Today’s post offers my insight on a few questions that my husband, Sam, asked me.
I typically ask Sam questions, but I decided to let him take control of the keys and ask me a question or two.
What was the hardest thing about not knowing about my experience in the military?
Cat: Not knowing what to ask. What might be appropriate, what might not be appropriate…I didn’t want to offend you by seeming like I was nosy or pushy.
After you identified that I was struggling with things how did you cope with it?
Cat: I felt like I needed to educate myself, I was doing research–reading about the wars in Iraq and Afghanistan for my thesis and there were some similarities between the some of the interviews I read and you. You know, like avoiding crowds, sitting near an exit, being aware of people in your surroundings and how that made you uncomfortable. I realized at some point we were going to have to address some things but didn’t know how to ask or bring them up.
Did you feel like my PTSD and TBI problems would hamper our relationship?
Cat: No, I mean I could tell when things were not right and you were pretty good with masking and avoiding showing me you were struggling. I could tell when you were uncomfortable, and I noticed when we would have to sit near an exit, or you had to sit in a booth or at a table where you could see everything going on around you—I could also tell when people were too much, or crowds bothered you. I never thought that it would be a burden or a problem…mostly I just wanted to know how to help or what I could do to make you comfortable.
Did you ever think that Memphis would replace you?
Cat: No, I know that Memphis can do things for you that I cannot. He can support you and be there for you when you are at work, or if you are in a stressful situation where anxiety is high. He knows how to alert you and help you focus attention on him and not get stressed out. It makes me feel so comfortable knowing he’s with you 24/7. But, I will admit, I do like when he and I get to hang out too, haha.
Once you found out about some of my deep dark problems from war, did this change your perception of what a Veteran can go through in war?
Cat: Yes and no. I know that a person can enter the military and leave a different person. I read a lot of material for my thesis that helped me understand situations in war, and some of those were similar to what you shared. I always wondered, and then when you felt comfortable, I learned. I think being patient helps. Did that make me think any less of you? No. I know you had training and you were faced with life and death situations that required little to no thinking at the time…does that make sense? Split second decisions. Having a little background into what you told and what I read helped. Had I not had any of that knowledge it would have changed my perception. But knowing a little bit about the military experience helped me understand it better.
With regard to Memphis and I, what do you hope to see in the future?
Cat: I think one of the things I would like to see in the future is Memphis retired and you being more and more comfortable in daily life. You are much more comfortable than you were, but one day, I would like to see Memphis be a dog, not a working dog.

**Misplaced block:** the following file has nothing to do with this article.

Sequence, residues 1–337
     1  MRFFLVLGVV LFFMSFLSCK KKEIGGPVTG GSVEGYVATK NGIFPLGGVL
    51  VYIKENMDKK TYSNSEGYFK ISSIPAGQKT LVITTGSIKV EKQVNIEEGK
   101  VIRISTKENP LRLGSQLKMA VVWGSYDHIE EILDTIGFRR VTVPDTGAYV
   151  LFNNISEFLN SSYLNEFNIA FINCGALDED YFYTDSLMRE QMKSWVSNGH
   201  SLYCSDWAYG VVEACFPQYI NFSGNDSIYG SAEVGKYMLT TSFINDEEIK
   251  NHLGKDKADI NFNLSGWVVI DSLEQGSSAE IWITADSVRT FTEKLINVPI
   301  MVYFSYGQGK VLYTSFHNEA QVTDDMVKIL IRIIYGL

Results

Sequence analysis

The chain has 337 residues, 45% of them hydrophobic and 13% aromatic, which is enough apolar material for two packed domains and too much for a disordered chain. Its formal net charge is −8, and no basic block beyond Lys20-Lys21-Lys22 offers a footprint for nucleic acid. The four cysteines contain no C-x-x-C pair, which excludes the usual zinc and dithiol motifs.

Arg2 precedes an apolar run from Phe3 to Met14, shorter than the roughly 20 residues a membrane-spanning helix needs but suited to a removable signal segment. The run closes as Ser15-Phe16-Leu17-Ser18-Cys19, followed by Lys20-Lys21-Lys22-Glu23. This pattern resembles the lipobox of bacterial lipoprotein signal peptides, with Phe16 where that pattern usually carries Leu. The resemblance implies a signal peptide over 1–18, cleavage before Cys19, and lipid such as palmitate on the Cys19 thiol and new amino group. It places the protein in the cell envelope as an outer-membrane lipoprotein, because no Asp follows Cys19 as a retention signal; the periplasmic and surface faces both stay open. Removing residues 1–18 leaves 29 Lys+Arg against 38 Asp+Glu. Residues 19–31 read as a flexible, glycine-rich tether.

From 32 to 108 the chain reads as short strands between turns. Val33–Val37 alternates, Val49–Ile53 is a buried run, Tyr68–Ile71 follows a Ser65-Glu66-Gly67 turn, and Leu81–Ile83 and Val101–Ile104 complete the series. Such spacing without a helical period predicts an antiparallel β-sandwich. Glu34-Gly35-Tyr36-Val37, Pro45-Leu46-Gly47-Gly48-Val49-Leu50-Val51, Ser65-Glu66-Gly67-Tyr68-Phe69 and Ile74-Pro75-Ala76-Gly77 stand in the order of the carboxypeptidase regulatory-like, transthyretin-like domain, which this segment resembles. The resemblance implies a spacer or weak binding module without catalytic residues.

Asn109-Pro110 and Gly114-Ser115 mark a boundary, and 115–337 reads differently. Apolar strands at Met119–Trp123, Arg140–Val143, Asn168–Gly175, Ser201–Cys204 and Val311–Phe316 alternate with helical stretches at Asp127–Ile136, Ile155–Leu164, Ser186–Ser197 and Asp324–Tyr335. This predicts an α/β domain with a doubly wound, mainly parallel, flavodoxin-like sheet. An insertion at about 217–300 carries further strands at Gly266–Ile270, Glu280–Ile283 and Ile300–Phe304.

Did you realize the bond between Veterans was so strong even after they got out of the military?
Cat: Not until I witnessed it first hand. You can read a lot of things about Veterans and watch documentaries or movies on TV, and you don’t realize how close the bond is until you see it first hand. I am a civilian and I’ve never had a bond like that. Even after not talking or seeing one another after months you can pick it up like you never missed a beat.
Do you think it would have been harder or easier to be together while I was deployed all three tours?
Cat: I think it would have been very hard to see you go all three times. What is so unique about you and I is that we were not together during those times. I never saw you leave, I never worried about you when you were gone. I never lived on a base. So, I have nothing to go off of in terms of how that would make me feel. I know I would have missed you like crazy and probably sent a lot of mail! Going through the retirement phase with you was completely different than while you were in. Do I think that being together during that time would have helped with knowing about what you go through now, yes!
What is your advice for spouses of Veterans, that are struggling, that works for you?
Cat: I think there has to be communication because if you cannot talk to one another then certain emotions will build and will eventually lead to something like an argument or outburst and possibly you say things you don’t mean. It may be baby steps at first (like trying to figure out what to say or how to act), but you have to be willing to talk to talk to one another. Reaching out to other military spouses to talk to them to learn about their experiences is very helpful. Even just reading or Googling…that can help too. If you aren’t sure what to ask or where to start, maybe even something like this blog could help.
And there you have it…Sam took some time to talk with me about our life together. Each Veteran and spouse have a totally different experience. Every situation is going to be different, but our hope is that you might be able to understand what our life is like. Maybe it is similar to yours, or someone you know. Don’t be afraid to talk to one another. Being patient, offering a listening ear, and remembering that communication is important can help any relationship…but those three small gestures could mean the world to a Veteran and their spouse.
Talk about a throwback, Sam and I went on our “first date” to see Jake Owen in concert at the Show Me Center in Cape Girardeau, Missouri. I had no idea that the crowd and people were a little bit of an issue for him.